E-NG is defined by TES as a synthetic methane produced through a methanation process using green hydrogen and recycled CO2. TES Co-founder and CEO Marco Alverà considers e-NG, also called e-methane since natural gas is its main component, “an essential piece of the puzzle in the scale-up of renewable energy production and reaching carbon neutrality.”

TES said the companies plan to promote e-NG’s value and advantages as a green hydrogen energy carrier and work with governments to establish international rules and systems to support the commercialization of e-NG.

Japan’s JFE to Convert Kawasaki Site into Hydrogen Base

Japan’s JFE Holdings Inc. said on Sept. 7 it will shut a blast furnace at its Keihin plant in Kawasaki, near Tokyo, on Sept. 16 and convert the site into a supply base of hydrogen and a cluster of research and development centers for next-generation technologies.

Japan’s second-biggest steelmaker announced the plan to close the blast furnace in 2020 as part of its restructuring to reflect falling local demand in the aging society and intensify competition with Chinese rivals.

The planned shutdown will reduce the number of its domestic blast furnaces to seven, trimming its capacity of crude steel output by 4 million metric tons or 13%.

The steelmaker will keep some of the production facilities such as plate mills, but will work with the Kawasaki city government and other companies that have facilities in nearby regions to make the industrial site into an area that will lead Japan's push to build supply chains of carbon-neutral energy, Makoto Iwayama, senior vice president of JFE, told reporters.


Shell Signs PPA For Energy from German Solar Park

Infrastructure Solar Park
The Witznitz Energy Park near Leipzig in Germany is expected to be complete by the end of 2023. (Source: HANSAINVEST)

Shell Energy Europe Ltd. said on Sept. 7 it has signed a 15-year power purchase agreement (PPA) for solar power from Witznitz Energy Park, the largest solar project being developed in Germany.

The PPA with asset owner HANSAINVEST Real Assets is for 600 MW of capacity, Shell said in a news release. The energy company said it will sell 323 MW to Microsoft Corp. as part of a separate agreement. Both companies are working toward net-zero ambitions. Microsoft has committed to a 100% supply of renewable energy by 2025, while Shell is targeting net-zero emissions by 2050.

“We are continuing to strengthen our low-carbon power portfolio,” Tom Summers, European vice president at Shell Energy Trading, said in the release. “Solar power purchase agreements enable us to combine our strengths in power trading and optimization with our existing customer relationships to deliver more value with less emissions.”

The solar project, being constructed by Move On Energy at the former site of a coal mine near Leipzig, is expected to start generating electricity by year-end 2023.

US Solar Power Capacity to Expand by Record 32 GW in 2023

The U.S. solar industry expects to add a record 32 GW of production capacity this year, up 53% on new capacity in 2022 and helped by investment incentives under the IRA, according to a Sept. 7 report.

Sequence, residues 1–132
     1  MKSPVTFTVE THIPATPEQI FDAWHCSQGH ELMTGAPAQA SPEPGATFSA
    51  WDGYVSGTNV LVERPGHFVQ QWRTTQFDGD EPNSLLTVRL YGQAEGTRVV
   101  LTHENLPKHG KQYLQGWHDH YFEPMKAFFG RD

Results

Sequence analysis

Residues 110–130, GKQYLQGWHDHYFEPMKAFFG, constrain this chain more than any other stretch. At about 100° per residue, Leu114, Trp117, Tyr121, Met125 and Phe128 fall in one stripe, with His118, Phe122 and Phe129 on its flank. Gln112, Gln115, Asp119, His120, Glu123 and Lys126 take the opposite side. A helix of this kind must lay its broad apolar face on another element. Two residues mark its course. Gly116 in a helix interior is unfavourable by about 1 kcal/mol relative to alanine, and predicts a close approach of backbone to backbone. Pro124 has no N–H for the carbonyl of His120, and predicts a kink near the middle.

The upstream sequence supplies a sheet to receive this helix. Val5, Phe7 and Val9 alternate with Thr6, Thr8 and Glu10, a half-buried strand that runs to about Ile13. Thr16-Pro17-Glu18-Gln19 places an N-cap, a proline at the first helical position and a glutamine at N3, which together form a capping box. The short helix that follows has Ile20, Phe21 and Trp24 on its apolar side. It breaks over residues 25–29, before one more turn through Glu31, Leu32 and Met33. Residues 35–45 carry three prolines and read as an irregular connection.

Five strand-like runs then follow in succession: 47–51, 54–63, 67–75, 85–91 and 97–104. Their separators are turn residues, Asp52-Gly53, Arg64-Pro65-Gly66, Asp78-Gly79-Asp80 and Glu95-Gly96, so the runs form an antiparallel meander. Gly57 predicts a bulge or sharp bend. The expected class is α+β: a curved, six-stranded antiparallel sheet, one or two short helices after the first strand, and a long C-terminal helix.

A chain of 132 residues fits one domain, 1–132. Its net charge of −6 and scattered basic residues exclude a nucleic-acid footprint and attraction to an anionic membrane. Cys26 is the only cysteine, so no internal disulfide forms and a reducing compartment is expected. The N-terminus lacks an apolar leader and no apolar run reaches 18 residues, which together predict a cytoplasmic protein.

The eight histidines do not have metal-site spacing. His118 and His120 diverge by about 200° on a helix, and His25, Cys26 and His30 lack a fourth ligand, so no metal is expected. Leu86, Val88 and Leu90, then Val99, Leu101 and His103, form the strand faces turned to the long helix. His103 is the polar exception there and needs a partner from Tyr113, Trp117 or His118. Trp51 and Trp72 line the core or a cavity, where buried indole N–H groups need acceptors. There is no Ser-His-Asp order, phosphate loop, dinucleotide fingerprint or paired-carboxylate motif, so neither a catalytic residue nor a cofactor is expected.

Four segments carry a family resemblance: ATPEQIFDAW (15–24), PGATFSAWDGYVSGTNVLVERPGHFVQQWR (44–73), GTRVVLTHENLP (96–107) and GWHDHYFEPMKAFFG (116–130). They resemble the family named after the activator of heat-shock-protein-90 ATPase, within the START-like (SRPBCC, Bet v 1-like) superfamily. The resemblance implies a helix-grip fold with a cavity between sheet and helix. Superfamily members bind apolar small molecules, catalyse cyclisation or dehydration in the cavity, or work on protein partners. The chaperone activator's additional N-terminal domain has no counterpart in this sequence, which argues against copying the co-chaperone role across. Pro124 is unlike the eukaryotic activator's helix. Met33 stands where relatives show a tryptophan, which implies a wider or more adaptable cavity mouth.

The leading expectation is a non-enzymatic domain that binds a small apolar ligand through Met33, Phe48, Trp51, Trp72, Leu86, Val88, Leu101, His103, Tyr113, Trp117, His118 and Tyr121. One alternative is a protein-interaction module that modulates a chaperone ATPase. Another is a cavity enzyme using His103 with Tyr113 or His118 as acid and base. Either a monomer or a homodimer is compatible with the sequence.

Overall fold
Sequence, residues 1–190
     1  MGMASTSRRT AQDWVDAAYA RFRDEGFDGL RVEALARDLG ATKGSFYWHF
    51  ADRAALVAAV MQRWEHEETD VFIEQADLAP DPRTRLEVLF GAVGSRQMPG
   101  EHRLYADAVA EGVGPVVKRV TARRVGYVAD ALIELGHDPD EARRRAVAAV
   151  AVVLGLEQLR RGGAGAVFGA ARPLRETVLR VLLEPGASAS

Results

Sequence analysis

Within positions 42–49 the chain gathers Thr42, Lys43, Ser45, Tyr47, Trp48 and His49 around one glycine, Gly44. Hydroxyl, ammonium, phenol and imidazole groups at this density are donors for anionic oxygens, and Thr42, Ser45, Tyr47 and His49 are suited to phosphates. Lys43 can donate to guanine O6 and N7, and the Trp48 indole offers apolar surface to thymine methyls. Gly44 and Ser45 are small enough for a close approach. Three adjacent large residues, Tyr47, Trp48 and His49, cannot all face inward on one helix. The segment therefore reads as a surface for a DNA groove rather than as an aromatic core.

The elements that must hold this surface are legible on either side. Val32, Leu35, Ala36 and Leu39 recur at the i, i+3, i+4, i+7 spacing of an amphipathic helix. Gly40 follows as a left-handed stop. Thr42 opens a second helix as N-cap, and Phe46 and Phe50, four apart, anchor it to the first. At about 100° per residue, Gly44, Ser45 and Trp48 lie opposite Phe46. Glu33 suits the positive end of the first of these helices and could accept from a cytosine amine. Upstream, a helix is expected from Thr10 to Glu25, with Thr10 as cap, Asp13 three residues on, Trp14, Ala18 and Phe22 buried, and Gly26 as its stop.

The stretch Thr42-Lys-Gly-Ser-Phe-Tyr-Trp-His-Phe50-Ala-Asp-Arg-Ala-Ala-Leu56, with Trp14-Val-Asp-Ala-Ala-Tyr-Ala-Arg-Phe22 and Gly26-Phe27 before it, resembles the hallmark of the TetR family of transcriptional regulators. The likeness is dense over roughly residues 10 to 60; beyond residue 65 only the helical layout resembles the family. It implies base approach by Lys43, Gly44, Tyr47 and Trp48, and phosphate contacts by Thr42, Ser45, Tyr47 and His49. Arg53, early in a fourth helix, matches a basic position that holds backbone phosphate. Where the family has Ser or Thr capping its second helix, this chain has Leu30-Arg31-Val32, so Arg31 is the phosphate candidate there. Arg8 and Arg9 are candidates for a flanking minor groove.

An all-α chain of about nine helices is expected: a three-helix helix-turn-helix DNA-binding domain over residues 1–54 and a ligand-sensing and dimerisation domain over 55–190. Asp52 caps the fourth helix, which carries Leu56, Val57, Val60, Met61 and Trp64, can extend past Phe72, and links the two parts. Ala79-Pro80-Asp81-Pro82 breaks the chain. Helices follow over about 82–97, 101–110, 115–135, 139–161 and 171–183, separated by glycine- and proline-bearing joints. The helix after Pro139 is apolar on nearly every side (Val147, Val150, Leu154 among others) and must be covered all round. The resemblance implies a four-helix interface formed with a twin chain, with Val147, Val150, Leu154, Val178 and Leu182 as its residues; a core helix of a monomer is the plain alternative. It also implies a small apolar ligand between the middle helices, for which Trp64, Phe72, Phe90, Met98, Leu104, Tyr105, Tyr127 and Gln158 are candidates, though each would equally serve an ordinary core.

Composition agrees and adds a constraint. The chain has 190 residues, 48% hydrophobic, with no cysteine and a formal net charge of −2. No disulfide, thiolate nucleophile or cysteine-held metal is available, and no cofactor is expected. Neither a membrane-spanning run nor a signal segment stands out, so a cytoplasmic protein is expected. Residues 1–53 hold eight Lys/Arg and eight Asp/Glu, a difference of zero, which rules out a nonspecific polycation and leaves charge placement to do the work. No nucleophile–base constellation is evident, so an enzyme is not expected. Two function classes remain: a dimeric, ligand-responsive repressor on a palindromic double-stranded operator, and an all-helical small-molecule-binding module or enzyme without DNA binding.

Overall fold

The report by the Solar Energy Industries Association (SEIA) and Wood Mackenzie estimated total operating solar capacity would grow from 153 GW currently to 375 GW by 2028 as supply chain challenges brought on by the COVID-19 pandemic and restrictive trade policies abate.

Increased investment in domestic manufacturing could see U.S. solar module production grow tenfold by 2026 if all new factory plans materialize, Wood Mackenzie said.

“In the year since its passage, the IRA (Inflation Reduction Act) has undoubtedly caused a wave of optimism across the solar industry,” said Michelle Davis, head of global solar at Wood Mackenzie.

The Biden administration’s 2022 Inflation Reduction Act allocates about $370 billion toward climate change and clean energy efforts, including incentives aimed at promoting solar and wind power.

“Announcements for domestic module manufacturing have exploded, promising more stable solar module supply in the future. Now the challenge becomes implementation,” Davis added.


ET Solar Rebrands As EliTe Solar


Equinor Acquires Wind Farm in Poland

Wilko wind farm
The Wilko wind farm is located in the Wielkopolska province. (Source: Łukasz Fiedorowicz/Wento)

Equinor said Sept. 6 it has acquired the 26-MW Wilko wind farm in Poland from the Helios Group, adding production and cash flow.

Located in Poland’s Wielkopolska province, the wind farm has an annual production of about 105 gigawatt-hours, which Equinor said is equivalent to the electricity consumption of about 50,000 Polish households. The wind farm will be operated by Equinor subsidiary Wento.

“By adding onshore wind to Wento’s portfolio of operated assets, we transform Wento into a multi-tech power producer,” Olav Kolbeinstveit, senior vice president for onshore and markets within Renewables at Equinor, said in a news release.

Power produced at the wind farm will be managed in the Polish market by Equinor’s energy trading house Danske Commodities, Equinior said.

Djibouti Boosts Domestic Power with 60-MW Wind Farm

Djibouti launched a 60-MW wind farm on Sept. 8, increasing the Horn of Africa country’s power production by almost 50% and reducing its heavy reliance on imported electricity.

The $122 million Red Sea Power (RSP) wind farm near Lake Goubet, which was announced in 2020, will avert 252,500 tonnes of CO2 emissions annually, according to the consortium of investors that includes the Africa Finance Corporation, the Dutch entrepreneurial development bank (FMO) and blended finance firm Climate Fund Managers.

Local power generation for Djibouti’s 1.1 million people has until now been entirely generated by burning fossil fuels, with 60% to 80% of consumed power sourced from neighboring Ethiopia.

“The new plant will play a pivotal role in the battle against climate change,” said Samaila Zubairu, president of the Africa Finance Corp.

The electricity generated is to be sold under a long-term power purchase agreement to Electricite de Djibouti (EDD), the national state-owned utility.

The investment consortium has agreed to finance a further 45 MW expansion of the wind farm, and Zubairu told Reuters he believed the site had the potential to produce 300 MW.

Hart Energy Staff and Reuters contributed to this report.